Ask Maggie: The coveted unlimited data plan

As carriers cancel their unlimited data plans, wireless subscribers are left wondering what to do. In this week's Ask Maggie, Maggie Reardon offers some advice on the issue.

Slowly but surely the unlimited data plan for mobile phones is slipping away.

First it was AT&T, which announced last year that it was getting rid of its unlimited data plan to ensure mobile data overeaters didn't gobble up a disproportionate share of network resources. T-Mobile followed with a plan that it still calls "unlimited," but actually throttles usage after users hit a certain threshold. And soon Verizon Wireless will also be saying bah-bye to unlimited data.

For most consumers, who use well below the thresholds that carriers charge for overages, the switch to a tiered offering probably won't affect them. But for heavy data users and for people concerned that their usage will increase in the future, the elimination of unlimited data plans is causing a great deal of hand-wringing and angst about the future.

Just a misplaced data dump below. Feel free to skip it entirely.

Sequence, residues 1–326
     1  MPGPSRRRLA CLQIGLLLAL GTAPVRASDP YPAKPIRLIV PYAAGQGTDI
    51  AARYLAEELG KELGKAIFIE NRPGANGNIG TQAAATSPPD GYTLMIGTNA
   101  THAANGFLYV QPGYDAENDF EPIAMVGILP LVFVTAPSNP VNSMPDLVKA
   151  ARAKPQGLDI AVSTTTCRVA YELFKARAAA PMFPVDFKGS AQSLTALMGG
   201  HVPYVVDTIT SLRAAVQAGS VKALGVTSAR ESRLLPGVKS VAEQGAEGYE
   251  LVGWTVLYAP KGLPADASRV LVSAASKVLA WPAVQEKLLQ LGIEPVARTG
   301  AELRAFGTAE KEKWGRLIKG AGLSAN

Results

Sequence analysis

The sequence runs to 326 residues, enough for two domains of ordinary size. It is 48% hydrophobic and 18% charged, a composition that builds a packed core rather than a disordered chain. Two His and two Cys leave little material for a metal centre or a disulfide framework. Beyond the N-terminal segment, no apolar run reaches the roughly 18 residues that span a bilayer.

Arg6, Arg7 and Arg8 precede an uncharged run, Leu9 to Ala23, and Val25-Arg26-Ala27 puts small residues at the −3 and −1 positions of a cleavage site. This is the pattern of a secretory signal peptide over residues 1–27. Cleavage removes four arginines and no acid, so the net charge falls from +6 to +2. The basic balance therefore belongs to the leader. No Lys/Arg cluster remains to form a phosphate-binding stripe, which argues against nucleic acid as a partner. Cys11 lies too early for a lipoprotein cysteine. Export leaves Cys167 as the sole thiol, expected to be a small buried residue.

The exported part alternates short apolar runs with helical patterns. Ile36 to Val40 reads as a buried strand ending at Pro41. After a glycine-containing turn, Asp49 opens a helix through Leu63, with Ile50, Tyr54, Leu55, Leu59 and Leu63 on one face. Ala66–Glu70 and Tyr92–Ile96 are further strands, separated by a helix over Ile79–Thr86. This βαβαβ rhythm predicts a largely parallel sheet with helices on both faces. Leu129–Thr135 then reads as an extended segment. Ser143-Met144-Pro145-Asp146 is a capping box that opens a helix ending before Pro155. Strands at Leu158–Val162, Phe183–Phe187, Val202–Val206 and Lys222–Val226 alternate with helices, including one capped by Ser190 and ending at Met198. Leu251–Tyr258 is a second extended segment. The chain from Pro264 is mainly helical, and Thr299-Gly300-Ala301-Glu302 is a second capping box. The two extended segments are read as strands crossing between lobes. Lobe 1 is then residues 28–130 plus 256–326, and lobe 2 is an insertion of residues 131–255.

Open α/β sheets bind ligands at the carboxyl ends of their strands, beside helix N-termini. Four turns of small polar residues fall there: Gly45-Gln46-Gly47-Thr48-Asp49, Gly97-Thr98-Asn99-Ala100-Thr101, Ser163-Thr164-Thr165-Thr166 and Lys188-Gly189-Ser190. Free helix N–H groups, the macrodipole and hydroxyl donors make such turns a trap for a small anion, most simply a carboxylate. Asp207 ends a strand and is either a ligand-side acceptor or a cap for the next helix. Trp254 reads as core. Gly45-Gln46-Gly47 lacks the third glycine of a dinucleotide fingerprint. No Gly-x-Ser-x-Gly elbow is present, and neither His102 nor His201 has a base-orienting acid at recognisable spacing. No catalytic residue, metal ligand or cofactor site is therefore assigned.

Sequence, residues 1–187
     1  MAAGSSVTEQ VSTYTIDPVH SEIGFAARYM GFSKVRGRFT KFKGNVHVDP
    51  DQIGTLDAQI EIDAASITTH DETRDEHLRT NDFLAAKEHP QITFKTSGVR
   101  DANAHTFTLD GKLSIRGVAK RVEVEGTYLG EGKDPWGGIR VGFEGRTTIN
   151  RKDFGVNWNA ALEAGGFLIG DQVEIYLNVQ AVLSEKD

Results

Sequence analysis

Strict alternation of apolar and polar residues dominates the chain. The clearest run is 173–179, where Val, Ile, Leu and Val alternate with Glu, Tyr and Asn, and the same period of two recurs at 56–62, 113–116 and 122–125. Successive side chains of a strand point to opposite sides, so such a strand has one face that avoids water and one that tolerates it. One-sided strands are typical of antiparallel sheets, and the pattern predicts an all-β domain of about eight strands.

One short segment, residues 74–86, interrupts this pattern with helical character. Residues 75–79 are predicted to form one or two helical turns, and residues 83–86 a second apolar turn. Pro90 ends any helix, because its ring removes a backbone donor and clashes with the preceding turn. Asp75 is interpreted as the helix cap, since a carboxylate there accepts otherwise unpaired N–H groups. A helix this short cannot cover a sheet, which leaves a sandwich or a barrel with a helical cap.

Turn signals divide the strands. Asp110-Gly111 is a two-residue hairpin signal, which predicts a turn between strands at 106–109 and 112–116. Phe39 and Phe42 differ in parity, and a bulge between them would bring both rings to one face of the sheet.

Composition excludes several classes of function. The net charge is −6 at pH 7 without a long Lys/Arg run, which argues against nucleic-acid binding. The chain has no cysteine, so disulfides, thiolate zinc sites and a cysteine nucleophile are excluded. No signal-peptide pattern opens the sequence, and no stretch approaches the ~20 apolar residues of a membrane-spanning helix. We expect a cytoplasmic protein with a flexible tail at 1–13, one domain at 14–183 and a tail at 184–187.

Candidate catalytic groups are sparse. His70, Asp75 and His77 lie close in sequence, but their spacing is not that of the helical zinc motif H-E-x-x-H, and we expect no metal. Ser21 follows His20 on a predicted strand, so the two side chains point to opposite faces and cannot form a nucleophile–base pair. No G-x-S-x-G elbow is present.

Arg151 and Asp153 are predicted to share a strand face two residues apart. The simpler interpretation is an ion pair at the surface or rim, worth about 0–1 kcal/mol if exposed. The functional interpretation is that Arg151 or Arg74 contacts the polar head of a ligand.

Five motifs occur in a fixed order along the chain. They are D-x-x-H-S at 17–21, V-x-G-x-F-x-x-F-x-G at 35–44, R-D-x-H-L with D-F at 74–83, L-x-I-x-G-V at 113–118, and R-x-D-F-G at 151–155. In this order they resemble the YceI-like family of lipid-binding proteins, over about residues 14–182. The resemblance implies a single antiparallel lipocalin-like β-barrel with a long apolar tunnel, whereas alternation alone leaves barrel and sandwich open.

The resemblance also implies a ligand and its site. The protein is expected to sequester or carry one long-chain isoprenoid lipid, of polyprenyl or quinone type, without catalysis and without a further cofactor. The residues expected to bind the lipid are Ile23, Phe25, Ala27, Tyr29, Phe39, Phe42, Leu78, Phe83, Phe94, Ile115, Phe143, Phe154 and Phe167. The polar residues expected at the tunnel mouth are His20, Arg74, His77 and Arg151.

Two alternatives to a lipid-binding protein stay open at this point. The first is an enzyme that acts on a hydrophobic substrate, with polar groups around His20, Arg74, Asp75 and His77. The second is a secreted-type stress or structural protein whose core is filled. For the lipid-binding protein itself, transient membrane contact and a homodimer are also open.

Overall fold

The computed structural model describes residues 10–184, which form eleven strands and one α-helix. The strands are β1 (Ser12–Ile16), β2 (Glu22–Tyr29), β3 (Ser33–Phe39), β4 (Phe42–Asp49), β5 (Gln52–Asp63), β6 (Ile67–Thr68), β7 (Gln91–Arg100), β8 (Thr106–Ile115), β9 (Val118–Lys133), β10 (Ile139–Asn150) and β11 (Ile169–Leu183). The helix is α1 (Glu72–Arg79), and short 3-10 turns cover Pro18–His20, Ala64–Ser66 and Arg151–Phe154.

In this week's Ask Maggie, I advise a heavy-data-using Verizon Wireless subscriber to re-up his contract pronto to keep his good deal before it ends.

Also in this week's Ask Maggie column, I dispel the rumor that AT&T is not allowing existing smartphone customers to keep their unlimited data service when they upgrade to "4G" HSPA+ phones. And finally, I answer a question about whether a dual-mode LTE/WiMax chip will come on the market soon.